People have described Anne as reserved, but it is not quite the proper word, for although she shows a great deal of restraint, her personality bubbles around the edges and there is a suspicion that she is holding back an innate gaiety. Perhaps it can be explained by the fact that early in life her career put the cap on an effervescent personality.
When Anne was still an infant, the family moved from Ossining to a small town in New York called Yorktown Heights. It was a country life, and Anne loved it. There were woods to roam and horses to ride and chickens in the back yard. Once in a while her mother would take her into New York City, only an hour away, to pose for a magazine cover. But back at home she could take off the fancy clothes, climb into something more comfortable, whistle to her dog and be off again to the fields. Then, when Anne was seven, the Francises lost their home. They moved into Manhattan where her father got a job selling at Macy’s and her mother picked up occasional work. The transition from overalls and bare feet to patent leather shoes and hat was made suddenly, and Anne simmered with resentment against the necessity of “looking like a lady.” She was a tomboy at heart—the fire escapes in back of the tiny three-room apartment were a sorry substitute for the meadows she had known.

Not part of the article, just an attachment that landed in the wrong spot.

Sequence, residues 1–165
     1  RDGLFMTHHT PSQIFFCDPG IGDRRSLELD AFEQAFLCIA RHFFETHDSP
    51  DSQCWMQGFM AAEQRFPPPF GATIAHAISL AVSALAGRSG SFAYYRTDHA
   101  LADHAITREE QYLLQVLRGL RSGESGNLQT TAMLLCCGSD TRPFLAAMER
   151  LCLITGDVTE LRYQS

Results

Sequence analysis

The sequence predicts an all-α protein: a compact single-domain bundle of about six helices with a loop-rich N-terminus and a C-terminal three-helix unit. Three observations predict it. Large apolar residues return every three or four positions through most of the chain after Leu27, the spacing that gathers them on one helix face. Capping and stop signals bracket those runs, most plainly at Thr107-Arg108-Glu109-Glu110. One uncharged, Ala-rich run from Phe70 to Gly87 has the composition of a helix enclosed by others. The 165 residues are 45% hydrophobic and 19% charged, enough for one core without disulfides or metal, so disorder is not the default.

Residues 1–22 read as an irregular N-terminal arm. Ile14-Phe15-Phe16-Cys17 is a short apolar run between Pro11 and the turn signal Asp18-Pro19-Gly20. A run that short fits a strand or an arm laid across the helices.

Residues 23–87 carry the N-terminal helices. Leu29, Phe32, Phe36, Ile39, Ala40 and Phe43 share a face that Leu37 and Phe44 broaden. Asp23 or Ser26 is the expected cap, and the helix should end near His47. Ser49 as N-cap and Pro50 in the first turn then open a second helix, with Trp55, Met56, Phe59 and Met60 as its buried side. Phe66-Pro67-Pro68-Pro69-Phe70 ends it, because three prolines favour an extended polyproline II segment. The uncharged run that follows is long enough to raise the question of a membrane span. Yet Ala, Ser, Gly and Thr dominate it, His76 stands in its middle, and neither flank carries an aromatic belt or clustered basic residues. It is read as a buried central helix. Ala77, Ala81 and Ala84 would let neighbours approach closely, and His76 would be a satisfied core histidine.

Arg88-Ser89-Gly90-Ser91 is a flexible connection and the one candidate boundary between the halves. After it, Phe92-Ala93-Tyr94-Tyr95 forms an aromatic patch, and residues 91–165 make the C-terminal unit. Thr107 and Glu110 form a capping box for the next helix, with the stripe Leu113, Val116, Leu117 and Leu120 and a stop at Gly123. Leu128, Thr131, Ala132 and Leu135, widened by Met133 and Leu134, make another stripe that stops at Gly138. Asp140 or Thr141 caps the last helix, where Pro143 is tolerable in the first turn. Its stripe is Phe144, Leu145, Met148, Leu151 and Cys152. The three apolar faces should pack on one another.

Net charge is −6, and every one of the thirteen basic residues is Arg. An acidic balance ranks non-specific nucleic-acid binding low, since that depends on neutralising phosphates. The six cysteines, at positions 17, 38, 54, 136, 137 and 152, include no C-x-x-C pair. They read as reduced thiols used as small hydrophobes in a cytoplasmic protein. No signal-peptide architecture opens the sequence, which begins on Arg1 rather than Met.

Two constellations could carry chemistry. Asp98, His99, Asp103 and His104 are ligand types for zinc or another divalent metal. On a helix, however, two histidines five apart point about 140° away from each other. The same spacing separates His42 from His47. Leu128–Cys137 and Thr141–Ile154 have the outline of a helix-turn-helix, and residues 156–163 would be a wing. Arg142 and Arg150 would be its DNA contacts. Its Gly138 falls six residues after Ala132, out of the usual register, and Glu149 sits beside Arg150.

But her career boomed. While she went on being a junior cover girl, she also entered radio, eventually becoming known as the Princess of soap opera. She was the first child actress to have her own television show, and for many years was much in demand as a fashion model. She worked in summer stock, and on BroadWay portrayed Gertrude Lawrence as a child in Lady In The Dark. In between jobs she visited agencies with her mother, looking for work. Even at the age of seven Anne was a true professional and knew instinctively the kind of smile or type of expression wanted by a photographer.